As in the WGDD, indigenous representatives from the Americas do not hold decision-making powers in the OAS WG but participate vigorously nonetheless in its meetings, under the aegis of the Indigenous Caucus or under the banners of their own communities or organizations.
This section will therefore discuss the debate on the two rights as it crystallized in the WGDD after Norway submitted in 2002 a proposal calling for changes to DD provisions that address the right of self-determination.
offered a proposal at the same session of the WGDD that explicitly merged the right of self-determination with that of autonomy by simply absorbing article 31 into an emasculated article 3: Indigenous peoples have the right to internal self-government.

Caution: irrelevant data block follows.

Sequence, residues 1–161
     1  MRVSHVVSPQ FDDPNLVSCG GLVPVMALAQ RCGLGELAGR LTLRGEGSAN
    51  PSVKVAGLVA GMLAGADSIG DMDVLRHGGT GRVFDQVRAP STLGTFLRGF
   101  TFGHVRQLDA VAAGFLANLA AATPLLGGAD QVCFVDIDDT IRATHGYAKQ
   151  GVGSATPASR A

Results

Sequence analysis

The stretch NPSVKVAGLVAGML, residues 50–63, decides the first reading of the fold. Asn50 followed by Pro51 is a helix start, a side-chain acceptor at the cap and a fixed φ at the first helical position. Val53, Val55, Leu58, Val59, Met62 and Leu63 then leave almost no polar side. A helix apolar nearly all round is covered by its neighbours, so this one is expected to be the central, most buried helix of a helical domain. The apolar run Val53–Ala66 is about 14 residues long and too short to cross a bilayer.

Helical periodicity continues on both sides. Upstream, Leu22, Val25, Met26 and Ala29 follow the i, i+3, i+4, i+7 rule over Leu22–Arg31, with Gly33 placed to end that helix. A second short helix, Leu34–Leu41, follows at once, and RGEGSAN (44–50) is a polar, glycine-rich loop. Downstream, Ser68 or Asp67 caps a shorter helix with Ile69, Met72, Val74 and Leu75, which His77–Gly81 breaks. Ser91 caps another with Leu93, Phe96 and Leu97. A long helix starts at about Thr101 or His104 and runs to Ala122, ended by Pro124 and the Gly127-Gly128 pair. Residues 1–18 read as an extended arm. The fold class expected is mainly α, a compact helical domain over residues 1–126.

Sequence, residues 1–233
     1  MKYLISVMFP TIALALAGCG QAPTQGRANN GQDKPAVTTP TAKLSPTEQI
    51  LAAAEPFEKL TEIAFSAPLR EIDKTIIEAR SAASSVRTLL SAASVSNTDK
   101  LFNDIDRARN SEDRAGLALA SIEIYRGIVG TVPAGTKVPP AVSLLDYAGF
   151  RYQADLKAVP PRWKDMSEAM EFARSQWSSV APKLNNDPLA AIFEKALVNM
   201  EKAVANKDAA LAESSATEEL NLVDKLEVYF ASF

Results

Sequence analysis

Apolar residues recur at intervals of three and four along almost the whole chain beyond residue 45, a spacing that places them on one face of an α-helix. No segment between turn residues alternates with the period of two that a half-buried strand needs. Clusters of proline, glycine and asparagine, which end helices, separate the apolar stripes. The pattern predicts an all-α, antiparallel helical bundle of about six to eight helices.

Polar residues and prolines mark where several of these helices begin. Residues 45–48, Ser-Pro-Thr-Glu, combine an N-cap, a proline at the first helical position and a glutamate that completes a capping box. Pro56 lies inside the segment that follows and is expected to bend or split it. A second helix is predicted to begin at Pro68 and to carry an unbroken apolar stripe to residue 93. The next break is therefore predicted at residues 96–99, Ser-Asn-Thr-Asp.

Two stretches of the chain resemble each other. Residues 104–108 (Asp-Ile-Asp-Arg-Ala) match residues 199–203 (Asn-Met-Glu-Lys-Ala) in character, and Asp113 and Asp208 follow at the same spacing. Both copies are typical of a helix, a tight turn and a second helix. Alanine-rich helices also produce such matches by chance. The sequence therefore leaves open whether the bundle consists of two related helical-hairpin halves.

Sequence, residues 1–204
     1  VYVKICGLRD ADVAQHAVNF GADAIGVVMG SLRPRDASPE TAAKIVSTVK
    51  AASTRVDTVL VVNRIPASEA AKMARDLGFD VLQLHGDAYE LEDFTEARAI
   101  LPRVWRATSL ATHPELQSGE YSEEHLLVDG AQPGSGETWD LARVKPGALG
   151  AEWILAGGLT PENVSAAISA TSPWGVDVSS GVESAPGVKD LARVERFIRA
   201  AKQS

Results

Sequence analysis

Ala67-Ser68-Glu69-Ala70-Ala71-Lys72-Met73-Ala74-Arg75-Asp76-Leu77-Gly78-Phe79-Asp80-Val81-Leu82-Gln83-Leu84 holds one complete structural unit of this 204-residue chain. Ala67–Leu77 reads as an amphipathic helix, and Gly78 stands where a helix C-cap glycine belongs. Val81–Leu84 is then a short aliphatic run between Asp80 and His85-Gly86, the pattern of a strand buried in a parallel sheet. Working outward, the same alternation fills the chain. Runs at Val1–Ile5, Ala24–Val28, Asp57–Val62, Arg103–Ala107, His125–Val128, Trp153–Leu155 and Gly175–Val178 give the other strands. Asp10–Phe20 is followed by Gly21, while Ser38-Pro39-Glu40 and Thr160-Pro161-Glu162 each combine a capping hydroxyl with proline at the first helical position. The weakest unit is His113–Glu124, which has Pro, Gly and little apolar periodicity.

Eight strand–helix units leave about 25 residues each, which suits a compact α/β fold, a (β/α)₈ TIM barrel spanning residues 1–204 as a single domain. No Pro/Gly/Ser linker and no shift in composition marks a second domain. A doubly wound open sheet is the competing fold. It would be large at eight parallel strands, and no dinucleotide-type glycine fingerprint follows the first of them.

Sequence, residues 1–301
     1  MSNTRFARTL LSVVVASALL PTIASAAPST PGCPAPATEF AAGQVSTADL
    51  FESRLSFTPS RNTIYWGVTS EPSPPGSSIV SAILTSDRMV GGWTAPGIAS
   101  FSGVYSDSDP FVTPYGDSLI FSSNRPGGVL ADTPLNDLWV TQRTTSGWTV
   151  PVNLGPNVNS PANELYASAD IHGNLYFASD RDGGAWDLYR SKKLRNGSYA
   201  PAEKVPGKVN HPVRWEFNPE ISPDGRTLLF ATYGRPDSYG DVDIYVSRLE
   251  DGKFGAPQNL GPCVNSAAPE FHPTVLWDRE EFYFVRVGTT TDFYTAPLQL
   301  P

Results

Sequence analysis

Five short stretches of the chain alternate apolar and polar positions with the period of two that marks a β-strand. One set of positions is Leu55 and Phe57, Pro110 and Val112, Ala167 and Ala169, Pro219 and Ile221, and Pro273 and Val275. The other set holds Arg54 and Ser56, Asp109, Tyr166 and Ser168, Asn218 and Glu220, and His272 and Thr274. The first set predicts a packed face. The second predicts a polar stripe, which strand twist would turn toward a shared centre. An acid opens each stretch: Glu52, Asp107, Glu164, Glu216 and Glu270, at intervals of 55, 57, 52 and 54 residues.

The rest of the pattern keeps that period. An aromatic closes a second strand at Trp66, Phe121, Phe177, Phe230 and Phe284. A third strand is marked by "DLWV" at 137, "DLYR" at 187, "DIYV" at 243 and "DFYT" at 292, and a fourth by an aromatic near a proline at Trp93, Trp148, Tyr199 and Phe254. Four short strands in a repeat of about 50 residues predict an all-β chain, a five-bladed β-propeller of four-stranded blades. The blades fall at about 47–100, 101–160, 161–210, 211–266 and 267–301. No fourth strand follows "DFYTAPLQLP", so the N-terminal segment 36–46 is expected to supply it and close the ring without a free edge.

and western Anglophone countries, (55) followed lately by Norway and other Nordic countries that have signed on to its 2002 proposal, rationalize their opposition in the WGDD to an unencumbered right of self-determination for indigenous peoples on two closely related grounds: 1) that international law does not permit secession, and 2) that it affirmatively protects the territorial integrity of states, which article 3 in the DD threatens.
Indeed, in the fall of 2003, in the course of opposing the Nordic countries' proposal that preambular paragraph 15 be qualified, the Indigenous Caucus counter-proposed to the WGDD that the paragraph's original wording (not underlined above) simply carry the additional phrase "exercised in conformity with applicable principles of international law." The rationale was that the WGDD was not a judicial body entitled to decide what, if anything, limited a people's right to self-determination.